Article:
Retrospective is a well-known concept in the Agile community as a part of the Scrum framework: at the end of a sprint, the team will reflect about the process, team working and their goals. It’s however also being used in many non-Scrum teams or teams that only partially adapt the Scrum framework. This post is about my experience and approach to some of those concepts. I focus on retrospectives and not post-mortems, which are also debriefs with a team, but only when something bad happened. The focus in this case will be more about root cause analysis than about the team well-being and reaching their maximum potential.

I would love to hear your feedback as I’m eager to learn from other peoples experiences.

The theory

According to Agile Retrospectives you need to organise your retrospective into the following parts:

  1. Set the stage: help people put aside other concerns and focus on the retrospective. Help people articulate what they want from the retrospective.
  2. Gather data: create a shared picture of what happened during the iteration, release or project.
  3. Generate insights: evaluate the data and make meaningful information from it.
  4. Decide what to do: develop proposals for action, identify the highest priority actions and set measurable goals to achieve the results.
  5. Close the retrospective: small reflect on how the retrospective went and for expressing your appreciation.

Pragmatic approach

At the moment of writing, I have 5 years of experience as a Scrum Master or Team Lead. I have been working in corporations that had different approaches: text-book Scrum, Kanban, Waterfall but with some elements of Scrum,… During those times I witnessed or hosted many retrospectives, some good, and others awful with almost no participation of the team members. I even facilitated other team retrospectives, or asked external people to host one for my own team. These are my observations and learned lessons:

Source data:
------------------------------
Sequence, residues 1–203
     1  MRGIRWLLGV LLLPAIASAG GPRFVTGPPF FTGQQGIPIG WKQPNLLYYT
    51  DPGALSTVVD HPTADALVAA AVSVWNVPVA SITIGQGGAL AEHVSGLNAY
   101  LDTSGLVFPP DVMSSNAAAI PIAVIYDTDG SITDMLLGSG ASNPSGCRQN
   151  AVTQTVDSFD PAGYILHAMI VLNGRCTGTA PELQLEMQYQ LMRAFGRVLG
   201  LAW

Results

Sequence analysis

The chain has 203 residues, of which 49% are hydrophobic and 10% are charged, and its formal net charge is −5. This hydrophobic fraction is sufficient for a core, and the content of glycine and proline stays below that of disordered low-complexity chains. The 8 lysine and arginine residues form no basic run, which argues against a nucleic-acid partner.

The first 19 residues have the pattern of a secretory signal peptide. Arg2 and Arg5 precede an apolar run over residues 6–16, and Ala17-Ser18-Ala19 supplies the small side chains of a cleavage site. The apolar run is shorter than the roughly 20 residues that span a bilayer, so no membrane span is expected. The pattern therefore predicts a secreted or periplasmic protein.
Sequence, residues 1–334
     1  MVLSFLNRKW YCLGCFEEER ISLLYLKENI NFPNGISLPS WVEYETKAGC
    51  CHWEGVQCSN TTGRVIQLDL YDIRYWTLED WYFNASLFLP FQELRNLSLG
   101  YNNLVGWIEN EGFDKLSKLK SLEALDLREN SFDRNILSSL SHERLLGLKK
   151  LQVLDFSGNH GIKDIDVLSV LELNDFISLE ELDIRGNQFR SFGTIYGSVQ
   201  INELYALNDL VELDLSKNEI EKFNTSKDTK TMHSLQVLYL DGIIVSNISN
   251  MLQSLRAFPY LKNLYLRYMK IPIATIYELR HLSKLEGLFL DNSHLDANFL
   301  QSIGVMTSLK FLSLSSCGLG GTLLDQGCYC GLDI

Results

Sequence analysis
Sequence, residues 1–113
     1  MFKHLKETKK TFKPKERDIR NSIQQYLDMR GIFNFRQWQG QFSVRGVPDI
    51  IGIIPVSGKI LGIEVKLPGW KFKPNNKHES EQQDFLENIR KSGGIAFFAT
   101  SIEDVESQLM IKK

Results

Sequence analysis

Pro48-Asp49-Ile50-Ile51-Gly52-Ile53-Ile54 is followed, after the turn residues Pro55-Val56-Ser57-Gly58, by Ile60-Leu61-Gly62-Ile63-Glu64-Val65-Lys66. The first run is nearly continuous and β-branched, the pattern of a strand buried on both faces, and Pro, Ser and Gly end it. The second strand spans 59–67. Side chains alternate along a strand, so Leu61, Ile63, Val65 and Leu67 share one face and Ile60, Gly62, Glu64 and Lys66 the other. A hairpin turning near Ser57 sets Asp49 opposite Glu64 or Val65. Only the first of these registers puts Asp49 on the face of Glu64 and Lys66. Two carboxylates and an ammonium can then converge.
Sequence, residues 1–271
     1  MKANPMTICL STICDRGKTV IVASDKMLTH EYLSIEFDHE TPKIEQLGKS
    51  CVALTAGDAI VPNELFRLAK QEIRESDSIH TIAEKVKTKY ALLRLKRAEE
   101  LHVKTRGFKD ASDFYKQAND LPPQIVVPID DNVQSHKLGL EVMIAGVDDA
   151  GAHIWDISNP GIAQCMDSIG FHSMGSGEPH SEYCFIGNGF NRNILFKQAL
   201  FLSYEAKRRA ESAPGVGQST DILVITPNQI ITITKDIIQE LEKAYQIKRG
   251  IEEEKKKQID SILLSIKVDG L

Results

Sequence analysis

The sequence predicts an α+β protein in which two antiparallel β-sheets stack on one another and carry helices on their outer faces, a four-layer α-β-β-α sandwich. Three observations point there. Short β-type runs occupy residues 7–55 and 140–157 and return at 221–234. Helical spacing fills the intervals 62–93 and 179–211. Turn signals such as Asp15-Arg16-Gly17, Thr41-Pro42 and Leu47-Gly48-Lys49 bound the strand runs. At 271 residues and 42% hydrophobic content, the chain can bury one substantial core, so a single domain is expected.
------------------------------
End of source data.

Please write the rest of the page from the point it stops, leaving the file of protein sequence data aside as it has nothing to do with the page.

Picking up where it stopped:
Interval of retrospectives

Most Scrum masters prefer a fixed interval of retrospectives: a meeting of 90 minutes after each sprint, so every two or three weeks. I have been in several situations where this fixed interval works counterproductive, especially when the team productivity is good:

  • What if there is nice team vibe, and the progress of the team is more than sufficient… Those kinds of retrospectives will not raise many new issues or actions. Instead, the meeting will feel long and tedious.
  • When productivity is good, how much more ambitious do you need to be? If you keep pushing your team members and setting higher and higher goals, eventually some will crack and then the performance will drop. We are after all just human.
  • One of the goals of a retrospective is to have concrete actions. If everything runs smooth, this becomes harder and more risky, because you don’t want the new actions to negatively influence the team dynamic.
  • When something critically happens, or you notice some frustrations, it can be counterproductive to wait for the next scheduled retrospective.
  • The worst fixed retrospectives are those around the holiday periods like Christmas or Eastern. There was not a lot of happening in the sprint, because many team members or stakeholders were on leave. So spending a lot of time discussing that sprint is typically a waste of time.

My approach on retrospectives is to hold them at a fixed interval when you have a new team or a lot of new members. Otherwise, I prefer to hold the retrospectives adhoc: at least once a month, but also when there were big changes, some frustrations or after a big event like the first production release.

Setting the stage

Setting the stage is crucial when you have introverts or new members in your team. Research has shown that people who don’t participate in the conversation in the first 10 minutes, are not likely to join afterwards. So it can be crucial to let everyone join in the beginning of the meeting, so the ice is broken.

Typically, my first point of the agenda will be to discuss the previously actions taken. I can’t stress enough of how important this is! It makes the discussed and agreed-upon action points useless, if there is no follow-up or evaluation. So what’s the point of the retrospective? How do you know your team is evolving to something better?